• vostro (vostra/vostri/vostre) – “yours” (plural second person)
  • loro – “theirs”

Unlike in English, possessive adjectives in Italian have to agree with the noun that is possessed, and not the possessor, in genre and number.

Examples:

  • Il mio albero – “my tree”
  • La tua famiglia – “your family”
  • I suoi amici – “his friends”
  • Le nostre mani – “our hands”

Note: Loro is an exception as it always remains the same, no matter the noun to which it refers.

Examples:

  • i loro piedi – “their feet”
  • la loro vita – “their life”
  • le loro parole – “their words”

There are two additional Italian possessive adjectives which don’t have evident equivalents in English:

  • proprio (a/i/e) – “his own”/“her own”/“their own”

When proprio is a possessive adjective, it is used instead of suo/a and loro and only when it refers to something that belongs to the subject of the sentence: Ognuno porta il proprio cuaderno (“Everyone brings their own notebook.”)

  • altrui – “of others”/“of someone else”

Altrui is used when the noun to which it refers belongs to an indefinite person: le cose altrui (“other people’s things”).

Unlike proprio, altrui does not change depending on the genre and number of the noun it refers to.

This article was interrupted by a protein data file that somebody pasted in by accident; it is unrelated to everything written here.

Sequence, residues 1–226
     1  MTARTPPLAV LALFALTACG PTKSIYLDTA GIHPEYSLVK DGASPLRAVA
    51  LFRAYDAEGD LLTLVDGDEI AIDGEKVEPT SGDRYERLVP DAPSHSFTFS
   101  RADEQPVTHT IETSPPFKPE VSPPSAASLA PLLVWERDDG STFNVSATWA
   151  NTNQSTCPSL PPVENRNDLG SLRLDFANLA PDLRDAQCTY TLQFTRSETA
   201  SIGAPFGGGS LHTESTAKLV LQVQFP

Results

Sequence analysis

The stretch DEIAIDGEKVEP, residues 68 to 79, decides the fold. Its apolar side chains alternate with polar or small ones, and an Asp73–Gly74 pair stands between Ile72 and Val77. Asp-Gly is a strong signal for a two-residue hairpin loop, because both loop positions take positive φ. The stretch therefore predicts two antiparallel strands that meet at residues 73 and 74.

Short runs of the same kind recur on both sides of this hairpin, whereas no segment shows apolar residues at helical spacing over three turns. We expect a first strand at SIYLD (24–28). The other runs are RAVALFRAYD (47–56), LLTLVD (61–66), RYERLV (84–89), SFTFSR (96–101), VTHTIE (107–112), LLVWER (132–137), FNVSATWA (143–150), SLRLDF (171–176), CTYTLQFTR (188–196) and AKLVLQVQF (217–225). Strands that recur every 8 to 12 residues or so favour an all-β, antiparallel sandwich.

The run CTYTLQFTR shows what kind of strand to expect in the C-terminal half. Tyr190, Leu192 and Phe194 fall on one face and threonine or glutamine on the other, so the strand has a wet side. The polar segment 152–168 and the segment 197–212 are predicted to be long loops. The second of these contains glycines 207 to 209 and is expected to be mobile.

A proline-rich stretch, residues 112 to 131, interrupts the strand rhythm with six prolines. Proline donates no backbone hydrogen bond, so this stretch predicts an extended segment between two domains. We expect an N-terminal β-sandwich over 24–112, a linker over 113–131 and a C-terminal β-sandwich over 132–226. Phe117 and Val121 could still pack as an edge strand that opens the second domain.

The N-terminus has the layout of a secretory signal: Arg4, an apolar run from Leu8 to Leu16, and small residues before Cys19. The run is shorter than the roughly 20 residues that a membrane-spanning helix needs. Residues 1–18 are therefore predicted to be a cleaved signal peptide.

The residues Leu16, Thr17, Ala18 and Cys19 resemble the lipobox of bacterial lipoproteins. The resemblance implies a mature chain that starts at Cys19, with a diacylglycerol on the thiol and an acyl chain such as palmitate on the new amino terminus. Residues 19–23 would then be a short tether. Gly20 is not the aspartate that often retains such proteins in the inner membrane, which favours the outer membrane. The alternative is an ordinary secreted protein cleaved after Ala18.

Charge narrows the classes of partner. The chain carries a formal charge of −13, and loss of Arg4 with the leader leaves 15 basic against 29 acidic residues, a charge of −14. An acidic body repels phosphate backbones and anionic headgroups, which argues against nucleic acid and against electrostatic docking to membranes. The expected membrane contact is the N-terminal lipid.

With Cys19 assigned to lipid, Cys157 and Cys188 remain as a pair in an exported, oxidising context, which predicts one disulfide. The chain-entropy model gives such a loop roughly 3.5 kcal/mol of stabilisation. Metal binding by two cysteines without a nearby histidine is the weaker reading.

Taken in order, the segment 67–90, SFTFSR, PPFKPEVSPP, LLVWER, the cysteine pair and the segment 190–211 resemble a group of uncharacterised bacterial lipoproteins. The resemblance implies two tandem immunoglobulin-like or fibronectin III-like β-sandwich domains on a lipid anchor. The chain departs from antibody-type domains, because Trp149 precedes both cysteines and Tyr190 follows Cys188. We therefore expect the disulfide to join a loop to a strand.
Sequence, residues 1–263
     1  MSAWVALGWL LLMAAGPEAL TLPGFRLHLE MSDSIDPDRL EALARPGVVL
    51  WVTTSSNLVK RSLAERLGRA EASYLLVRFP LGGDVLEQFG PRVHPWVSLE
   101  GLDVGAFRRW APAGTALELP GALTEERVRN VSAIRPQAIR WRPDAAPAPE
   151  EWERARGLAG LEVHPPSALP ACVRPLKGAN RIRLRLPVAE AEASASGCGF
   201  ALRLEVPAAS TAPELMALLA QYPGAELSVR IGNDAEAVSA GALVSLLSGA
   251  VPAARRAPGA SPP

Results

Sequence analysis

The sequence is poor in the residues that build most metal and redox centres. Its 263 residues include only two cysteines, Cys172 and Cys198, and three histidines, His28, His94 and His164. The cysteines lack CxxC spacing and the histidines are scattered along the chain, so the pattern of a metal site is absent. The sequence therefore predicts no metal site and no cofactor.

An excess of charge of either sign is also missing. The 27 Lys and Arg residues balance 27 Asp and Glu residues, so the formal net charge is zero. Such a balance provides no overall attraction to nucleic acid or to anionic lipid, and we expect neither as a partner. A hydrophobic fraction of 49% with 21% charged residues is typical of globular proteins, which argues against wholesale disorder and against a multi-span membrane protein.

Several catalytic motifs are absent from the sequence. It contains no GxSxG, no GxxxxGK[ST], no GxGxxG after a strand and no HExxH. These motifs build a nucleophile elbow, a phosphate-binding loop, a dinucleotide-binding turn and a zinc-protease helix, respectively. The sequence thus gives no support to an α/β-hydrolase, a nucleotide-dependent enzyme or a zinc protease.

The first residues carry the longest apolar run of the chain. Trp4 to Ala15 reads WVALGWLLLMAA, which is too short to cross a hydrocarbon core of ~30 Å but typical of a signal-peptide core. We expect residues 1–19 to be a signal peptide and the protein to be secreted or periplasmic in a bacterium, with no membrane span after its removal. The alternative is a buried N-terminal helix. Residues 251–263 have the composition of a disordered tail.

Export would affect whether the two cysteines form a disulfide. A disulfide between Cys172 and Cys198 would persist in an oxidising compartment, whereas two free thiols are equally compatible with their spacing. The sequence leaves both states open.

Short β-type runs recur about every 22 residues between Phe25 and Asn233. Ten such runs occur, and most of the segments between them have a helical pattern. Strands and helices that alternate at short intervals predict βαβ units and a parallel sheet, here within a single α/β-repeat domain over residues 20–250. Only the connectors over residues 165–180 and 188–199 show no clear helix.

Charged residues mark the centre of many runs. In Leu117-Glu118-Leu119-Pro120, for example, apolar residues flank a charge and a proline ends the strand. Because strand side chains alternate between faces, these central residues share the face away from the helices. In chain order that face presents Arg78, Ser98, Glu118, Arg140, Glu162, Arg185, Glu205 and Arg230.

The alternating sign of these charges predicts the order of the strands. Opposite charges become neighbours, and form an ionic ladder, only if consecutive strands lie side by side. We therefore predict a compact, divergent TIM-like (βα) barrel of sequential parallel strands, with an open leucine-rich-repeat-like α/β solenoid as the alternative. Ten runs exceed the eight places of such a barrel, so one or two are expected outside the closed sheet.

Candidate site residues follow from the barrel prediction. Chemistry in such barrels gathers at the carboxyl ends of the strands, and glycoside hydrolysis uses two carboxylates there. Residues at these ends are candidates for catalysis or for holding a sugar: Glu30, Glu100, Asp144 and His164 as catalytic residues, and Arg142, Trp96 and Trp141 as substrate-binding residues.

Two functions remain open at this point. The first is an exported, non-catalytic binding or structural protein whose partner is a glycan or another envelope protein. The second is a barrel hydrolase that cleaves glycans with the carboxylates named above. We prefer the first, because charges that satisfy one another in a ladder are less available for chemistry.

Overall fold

8 Italian Indefinite Adjectives

Words we use on a daily basis like tutto/a/i/e (“all”), troppo/a/i/e (“too much/many”), and altro/a/i/e (“other”) are indefinite adjectives. They describe nouns in a non-specific sense: Devo parlare ad altre persone (“I need to talk to other people”).

  • tutto/a – “all”
  • poco/a – “little”
  • alcuno/a – “not any”, “no”, or “some”
  • ogni – “each”
  • qualsiasi – “any”
  • qualche – “some” or “a few”
  • altro/a – “other” or “different”

62 Italian Adjectives of Number

In Italian, the principal types of adjectives of number include the numeri cardinali (“cardinal numbers”), numeri ordinali (“ordinal numbers”), numeri moltiplicativi (“multiplicative numbers”) and numeri frazionari (“fractional numbers”).

The terms might sound intimidating, but they are actually very simple.

31 Italian Cardinal Numbers:

  • uno/a – “one”
  • due – “two”
  • tre – “three”
  • quattro – “four”